From POST POLITICS at The Washington Post:
Forget the sound bites from the stage. Some of the most memorable moments from a series of Republican presidential debates have come not from the candidates competing for the nomination but from the intensely partisan audiences there to appraise them.
In four of the most recent debates, assertive audience members have managed to make their mark on the proceedings.
The audience’s outspokenness has in many ways served a positive purpose by illustrating the energy of the base, GOP strategists say. But it has also conveyed a somewhat unsavory image to less ideological people at home watching on television.
“You have very partisan people come to these events, and in some ways it is just human nature,” said Ed Rollins, former campaign manager for Rep. Michele Bachmann (Minn.), one of the Republican hopefuls for president. But some of the more controversial moments “to the mainstream audience [are] not very appealing.”
At an NBC/Politico debate in California this month, the mere mention of Perry’s execution record by NBC moderator Brian Williams provoked a round of applause.
“Your state has executed 234 death-row inmates, more than any other governor in modern times,” Williams said before the clapping began(that number has since risen to 235). “Have you struggled to sleep at night with the idea that any one of those might have been innocent?”
Perry’s answer, which began, “No, sir, I have not struggled with that,” elicited an even more boisterous response, which is perhaps not surprising considering that 64 percent of Americans and 78 percent of Republican and Republican-leaning voters back capital punishment, according to a 2010 Gallup poll.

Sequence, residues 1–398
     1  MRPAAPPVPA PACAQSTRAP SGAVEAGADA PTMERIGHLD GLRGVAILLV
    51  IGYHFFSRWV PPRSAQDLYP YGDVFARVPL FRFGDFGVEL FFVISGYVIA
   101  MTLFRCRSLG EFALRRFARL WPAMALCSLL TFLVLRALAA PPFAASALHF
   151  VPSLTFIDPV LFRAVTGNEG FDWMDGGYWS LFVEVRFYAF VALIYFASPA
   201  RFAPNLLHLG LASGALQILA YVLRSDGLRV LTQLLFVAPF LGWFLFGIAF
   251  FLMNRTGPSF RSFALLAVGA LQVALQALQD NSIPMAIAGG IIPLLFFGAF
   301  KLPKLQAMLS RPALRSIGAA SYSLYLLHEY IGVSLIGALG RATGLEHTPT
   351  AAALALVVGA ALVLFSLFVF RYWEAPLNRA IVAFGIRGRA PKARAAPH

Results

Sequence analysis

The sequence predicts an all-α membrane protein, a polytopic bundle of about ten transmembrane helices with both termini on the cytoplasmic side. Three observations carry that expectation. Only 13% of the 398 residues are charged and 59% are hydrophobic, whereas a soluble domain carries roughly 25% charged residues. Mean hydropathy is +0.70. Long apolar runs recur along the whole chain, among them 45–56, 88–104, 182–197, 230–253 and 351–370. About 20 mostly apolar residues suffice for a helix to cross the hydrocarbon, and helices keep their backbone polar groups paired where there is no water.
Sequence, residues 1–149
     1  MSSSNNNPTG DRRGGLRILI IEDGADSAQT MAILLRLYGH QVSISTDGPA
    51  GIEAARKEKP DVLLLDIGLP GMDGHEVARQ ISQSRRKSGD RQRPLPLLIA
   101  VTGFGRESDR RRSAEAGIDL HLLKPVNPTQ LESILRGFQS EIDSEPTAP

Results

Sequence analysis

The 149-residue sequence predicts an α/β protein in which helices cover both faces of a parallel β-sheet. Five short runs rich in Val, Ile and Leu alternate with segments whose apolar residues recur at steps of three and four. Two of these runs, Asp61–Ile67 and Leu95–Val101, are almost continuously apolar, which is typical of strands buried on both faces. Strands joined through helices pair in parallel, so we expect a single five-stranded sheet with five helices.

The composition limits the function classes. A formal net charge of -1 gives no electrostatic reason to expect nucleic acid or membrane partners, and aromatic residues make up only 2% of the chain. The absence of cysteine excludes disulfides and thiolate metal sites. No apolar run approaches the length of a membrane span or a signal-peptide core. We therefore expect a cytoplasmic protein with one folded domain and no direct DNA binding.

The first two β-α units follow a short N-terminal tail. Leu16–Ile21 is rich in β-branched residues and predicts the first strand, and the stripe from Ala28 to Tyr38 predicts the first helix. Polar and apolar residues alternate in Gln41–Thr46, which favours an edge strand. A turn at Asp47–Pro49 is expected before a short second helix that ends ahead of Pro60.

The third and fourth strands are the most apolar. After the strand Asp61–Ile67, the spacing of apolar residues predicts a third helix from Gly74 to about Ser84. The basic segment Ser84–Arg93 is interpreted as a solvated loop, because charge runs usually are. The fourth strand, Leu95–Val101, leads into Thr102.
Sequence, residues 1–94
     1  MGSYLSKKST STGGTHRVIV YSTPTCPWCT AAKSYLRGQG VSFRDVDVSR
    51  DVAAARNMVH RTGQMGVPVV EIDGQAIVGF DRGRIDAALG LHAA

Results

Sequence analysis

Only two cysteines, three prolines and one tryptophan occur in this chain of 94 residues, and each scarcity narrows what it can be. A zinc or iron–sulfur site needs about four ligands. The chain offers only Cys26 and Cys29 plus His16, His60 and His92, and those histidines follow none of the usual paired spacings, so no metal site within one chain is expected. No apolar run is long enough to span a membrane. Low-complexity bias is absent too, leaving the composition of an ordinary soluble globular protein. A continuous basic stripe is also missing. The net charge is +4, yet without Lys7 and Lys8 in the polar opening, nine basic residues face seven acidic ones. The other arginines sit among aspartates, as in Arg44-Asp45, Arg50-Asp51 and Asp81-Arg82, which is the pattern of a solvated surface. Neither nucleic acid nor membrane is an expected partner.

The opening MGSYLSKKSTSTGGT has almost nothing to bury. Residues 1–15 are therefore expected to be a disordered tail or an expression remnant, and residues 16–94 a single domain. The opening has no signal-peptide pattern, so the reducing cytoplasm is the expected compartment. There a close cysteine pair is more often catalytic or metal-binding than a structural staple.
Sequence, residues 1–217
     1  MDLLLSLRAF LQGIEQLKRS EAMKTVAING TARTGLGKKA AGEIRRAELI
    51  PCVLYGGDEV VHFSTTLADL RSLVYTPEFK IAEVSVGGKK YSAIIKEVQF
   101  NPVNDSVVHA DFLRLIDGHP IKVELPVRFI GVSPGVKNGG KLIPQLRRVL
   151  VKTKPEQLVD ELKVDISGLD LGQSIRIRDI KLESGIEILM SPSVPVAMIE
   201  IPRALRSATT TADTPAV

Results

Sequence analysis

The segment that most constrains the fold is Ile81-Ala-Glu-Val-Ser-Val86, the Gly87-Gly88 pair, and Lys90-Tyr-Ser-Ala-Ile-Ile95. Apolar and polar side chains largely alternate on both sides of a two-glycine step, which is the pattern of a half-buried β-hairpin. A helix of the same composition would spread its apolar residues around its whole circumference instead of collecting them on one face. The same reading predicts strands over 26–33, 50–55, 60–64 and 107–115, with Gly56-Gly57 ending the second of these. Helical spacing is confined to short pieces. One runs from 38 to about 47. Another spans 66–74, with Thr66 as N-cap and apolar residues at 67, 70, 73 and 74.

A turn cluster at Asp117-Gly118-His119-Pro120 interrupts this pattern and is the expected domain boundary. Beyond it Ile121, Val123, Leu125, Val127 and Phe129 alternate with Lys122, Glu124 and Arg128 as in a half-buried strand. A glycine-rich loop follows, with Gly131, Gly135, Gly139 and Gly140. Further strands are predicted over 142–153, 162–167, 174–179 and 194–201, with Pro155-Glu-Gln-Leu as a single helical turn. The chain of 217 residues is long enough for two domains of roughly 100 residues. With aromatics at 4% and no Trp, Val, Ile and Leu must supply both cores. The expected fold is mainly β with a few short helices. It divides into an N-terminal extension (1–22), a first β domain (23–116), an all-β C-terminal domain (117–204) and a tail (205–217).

Still, Rollins said he found the applause disturbing. “I’m someone who’s for capital punishment, but it needs to be about justice and not a rallying point or a cheering point,” he said.
At the following debate in Florida, which was co-sponsored by CNN and the Tea Party Express, moderator Wolf Blitzer posed a hypothetical to Rep. Ron Paul (Texas): An uninsured 30-year-old comes down with a grave illness and cannot afford the medical care. “Congressman, are you saying that society should just let him die?”
“Yeah!” shouted at least two voices from the audience.
The latest controversial outburst from audience members came during a Fox News/Google debate Thursday night, when a U.S. service member stationed in Iraq asked a question about the recent lifting of the military’s ban on gay and lesbian soldiers serving openly.
“In 2010, when I was deployed to Iraq, I had to lie about who I was because I am a gay soldier and I didn’t want to lose my job,”said Stephen Hill, standing by a bunk in an Army T-shirt. “Do you intend to circumvent the progress that’s been made for gay and lesbian soldiers in the military?”
One loud boo was followed by several others. Many Republican commentators condemned the catcalls. On Friday, Rick Santorum, the candidate who ended up taking the question, condemned the negative response in a follow-up interview with Fox News.
Good thing Man-on-Dog Santorum has government health care so he can get that faulty hearing checked. From MEDIAITE: